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Diseases

Genetic and Rare Diseases Information Center (GARD)

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Congenital anosmia


Other Names for this Disease

  • ANIC
  • Isolated congenital anosmia
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Your Question

How common is congenital anosmia?  Is there a cure or any treatment?


Our Answer

We have identified the following information that we hope you find helpful. If you still have questions, please contact us.

How common is congenital anosmia?

Approximately 5% of the general population has anosmia. Although the exact prevalence is unknown, a much smaller minority, about 1% of those who are anosmic, are classified as having isolated congenital anosmia (or loss of smell that is present at birth with no other symptoms). Isolated congenital anosmia is a diagnosis of exclusion, where people have no recollection of ever being able to smell and no other underlung disease-causing condition can be ascribed. Many people are unaware of their condition until it is clinically diagnosed.[1]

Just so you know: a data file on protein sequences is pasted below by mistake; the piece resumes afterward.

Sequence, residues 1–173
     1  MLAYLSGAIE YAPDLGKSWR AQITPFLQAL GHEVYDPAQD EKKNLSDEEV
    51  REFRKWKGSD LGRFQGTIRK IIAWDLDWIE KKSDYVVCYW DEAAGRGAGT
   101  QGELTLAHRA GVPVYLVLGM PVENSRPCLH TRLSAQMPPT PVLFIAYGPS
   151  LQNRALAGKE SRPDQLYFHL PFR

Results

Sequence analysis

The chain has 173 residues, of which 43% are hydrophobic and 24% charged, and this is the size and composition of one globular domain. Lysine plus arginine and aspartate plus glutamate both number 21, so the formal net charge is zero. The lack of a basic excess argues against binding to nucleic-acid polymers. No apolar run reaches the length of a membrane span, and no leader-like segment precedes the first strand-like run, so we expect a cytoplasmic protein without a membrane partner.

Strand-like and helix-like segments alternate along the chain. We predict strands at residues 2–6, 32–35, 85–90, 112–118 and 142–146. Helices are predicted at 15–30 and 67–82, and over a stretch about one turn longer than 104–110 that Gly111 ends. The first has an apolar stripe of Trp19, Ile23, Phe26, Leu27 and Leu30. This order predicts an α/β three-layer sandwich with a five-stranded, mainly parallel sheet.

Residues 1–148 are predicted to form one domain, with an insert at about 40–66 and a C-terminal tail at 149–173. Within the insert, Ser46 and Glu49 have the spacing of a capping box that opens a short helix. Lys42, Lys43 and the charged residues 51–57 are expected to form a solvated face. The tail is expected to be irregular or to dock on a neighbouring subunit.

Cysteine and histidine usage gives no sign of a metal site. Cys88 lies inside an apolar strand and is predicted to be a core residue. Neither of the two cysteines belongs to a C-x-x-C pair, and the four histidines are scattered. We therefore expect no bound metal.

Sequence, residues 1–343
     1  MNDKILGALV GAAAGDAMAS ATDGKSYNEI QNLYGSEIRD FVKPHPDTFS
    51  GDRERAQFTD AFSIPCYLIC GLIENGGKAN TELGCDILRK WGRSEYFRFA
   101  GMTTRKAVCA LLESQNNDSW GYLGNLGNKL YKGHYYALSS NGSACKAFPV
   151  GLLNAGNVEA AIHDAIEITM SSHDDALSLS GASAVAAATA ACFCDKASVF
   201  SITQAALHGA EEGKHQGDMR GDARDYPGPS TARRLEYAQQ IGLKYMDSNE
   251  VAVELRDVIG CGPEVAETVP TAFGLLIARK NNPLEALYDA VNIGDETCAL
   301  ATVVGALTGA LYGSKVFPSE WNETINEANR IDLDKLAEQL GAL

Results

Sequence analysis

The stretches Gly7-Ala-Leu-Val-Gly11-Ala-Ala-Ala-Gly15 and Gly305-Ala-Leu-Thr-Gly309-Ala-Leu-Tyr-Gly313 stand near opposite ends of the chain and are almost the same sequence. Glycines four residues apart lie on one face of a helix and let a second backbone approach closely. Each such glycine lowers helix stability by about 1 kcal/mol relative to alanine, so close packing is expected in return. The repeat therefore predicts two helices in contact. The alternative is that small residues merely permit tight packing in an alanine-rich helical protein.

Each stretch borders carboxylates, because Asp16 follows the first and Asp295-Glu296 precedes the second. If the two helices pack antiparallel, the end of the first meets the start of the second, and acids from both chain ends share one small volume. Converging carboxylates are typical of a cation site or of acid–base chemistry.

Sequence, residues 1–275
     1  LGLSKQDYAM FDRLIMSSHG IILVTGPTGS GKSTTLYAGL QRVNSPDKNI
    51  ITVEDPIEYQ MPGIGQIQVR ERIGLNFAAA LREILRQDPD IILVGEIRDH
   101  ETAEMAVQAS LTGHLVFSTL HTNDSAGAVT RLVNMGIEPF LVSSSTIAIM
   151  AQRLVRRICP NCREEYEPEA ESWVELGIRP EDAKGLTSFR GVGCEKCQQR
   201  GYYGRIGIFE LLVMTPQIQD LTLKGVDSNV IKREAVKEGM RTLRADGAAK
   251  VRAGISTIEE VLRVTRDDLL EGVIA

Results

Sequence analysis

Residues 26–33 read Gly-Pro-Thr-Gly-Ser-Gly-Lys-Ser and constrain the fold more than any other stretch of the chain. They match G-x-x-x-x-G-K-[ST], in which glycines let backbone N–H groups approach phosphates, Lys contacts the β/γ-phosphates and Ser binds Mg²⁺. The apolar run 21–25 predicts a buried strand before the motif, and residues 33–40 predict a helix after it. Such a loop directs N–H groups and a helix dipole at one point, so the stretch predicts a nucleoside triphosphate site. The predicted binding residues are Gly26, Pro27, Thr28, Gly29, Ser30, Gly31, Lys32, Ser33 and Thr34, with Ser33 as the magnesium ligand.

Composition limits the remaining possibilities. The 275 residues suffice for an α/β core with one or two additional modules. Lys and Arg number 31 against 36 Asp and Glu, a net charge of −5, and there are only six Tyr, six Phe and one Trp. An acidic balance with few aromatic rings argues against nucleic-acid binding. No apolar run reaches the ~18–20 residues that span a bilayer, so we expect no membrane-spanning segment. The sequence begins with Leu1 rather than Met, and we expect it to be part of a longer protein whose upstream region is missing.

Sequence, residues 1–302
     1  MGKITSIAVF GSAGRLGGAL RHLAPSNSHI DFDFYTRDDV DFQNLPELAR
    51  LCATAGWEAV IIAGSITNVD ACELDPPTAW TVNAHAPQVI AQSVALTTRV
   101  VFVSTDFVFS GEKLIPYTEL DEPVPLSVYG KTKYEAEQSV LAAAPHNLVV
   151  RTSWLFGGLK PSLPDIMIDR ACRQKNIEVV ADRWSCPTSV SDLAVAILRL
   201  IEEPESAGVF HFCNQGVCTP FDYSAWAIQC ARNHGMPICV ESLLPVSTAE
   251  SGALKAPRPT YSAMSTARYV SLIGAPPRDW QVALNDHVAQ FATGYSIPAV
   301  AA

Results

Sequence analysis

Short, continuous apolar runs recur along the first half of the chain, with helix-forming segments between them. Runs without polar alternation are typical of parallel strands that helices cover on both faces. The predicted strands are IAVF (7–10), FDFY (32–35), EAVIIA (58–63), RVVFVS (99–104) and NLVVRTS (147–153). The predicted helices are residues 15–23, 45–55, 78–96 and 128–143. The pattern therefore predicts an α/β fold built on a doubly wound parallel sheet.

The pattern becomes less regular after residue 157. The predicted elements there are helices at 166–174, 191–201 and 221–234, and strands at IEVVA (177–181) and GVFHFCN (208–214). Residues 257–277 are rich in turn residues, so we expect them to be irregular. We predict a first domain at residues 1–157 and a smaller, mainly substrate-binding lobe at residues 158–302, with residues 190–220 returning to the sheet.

Last updated: 1/27/2012

How might congenital anosmia be treated?

Unfortunately, there is limited information in the available medical literature about the treatment of congenital anosmia. Currently there is no known cure or treatment for this condition.[2]
Last updated: 4/9/2012

References
Other Names for this Disease
  • ANIC
  • Isolated congenital anosmia
See Disclaimer regarding information on this site. Some links on this page may take you to organizations outside of the National Institutes of Health.